A U.S. bill that would restrict loans from international financial institutions to Turkey until it frees arrested U.S. citizens, including Andrew Craig Brunson, an evangelical pastor jailed on terror and espionage charges, cleared the Senate Foreign Relations Committee on Thursday evening. The committee passed the legislation, dubbed the "Turkey International Financial Institutions Act," which was introduced by Senators Thom Tillis, Jeanne Shaheen, James Lankford and Bill Nelson last week.
"We never wanted this bill to be necessary, but we warned the Turkish government that there would be consequences if it did not cease its unjust detention and harassment of U.S. citizens and locally employed embassy staff," committee Chairman Bob Corker said in a statement, ignoring the judicial process in Turkey.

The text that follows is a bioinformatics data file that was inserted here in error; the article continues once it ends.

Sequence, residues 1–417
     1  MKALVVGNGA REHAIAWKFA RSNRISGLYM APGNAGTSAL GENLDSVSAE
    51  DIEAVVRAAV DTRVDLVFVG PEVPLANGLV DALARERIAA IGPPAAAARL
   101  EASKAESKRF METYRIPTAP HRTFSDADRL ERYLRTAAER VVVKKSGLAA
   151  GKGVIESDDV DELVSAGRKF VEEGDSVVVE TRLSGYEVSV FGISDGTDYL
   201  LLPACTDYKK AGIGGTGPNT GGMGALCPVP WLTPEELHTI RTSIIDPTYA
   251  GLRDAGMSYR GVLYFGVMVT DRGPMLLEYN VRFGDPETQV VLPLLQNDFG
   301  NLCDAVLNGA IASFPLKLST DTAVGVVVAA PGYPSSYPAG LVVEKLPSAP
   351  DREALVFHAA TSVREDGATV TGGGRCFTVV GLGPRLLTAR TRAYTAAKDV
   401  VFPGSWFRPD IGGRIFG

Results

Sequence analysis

Brunson was transferred to house arrest Wednesday after being detained in İzmir province in December 2016. He was charged with spying for the PKK - a designated terrorist group in the U.S. and Turkey - and the Gülenist Terrorist Group (FETÖ), which orchestrated the July 2016 coup attempt. He is scheduled to appear before a court in October for his third hearing after the court rejected an appeal for his release in July. The bill is now expected to pass in the Senate and be reconciled with the version passed by the House of Representatives. A compromise measure must then be passed by both chambers and signed by President Donald Trump. The bill directs the U.S. executive of the World Bank and the European Bank for Reconstruction and Development (EBRD) to oppose future loans, except those for humanitarian purposes, to Turkey by the International Finance Corporation (IFC) and the EBRD until the U.S. administration certifies to Congress that Turkey is "no longer arbitrarily detaining or denying freedom of movement to United States citizens or locally employed staff members of the U.S. mission to Turkey."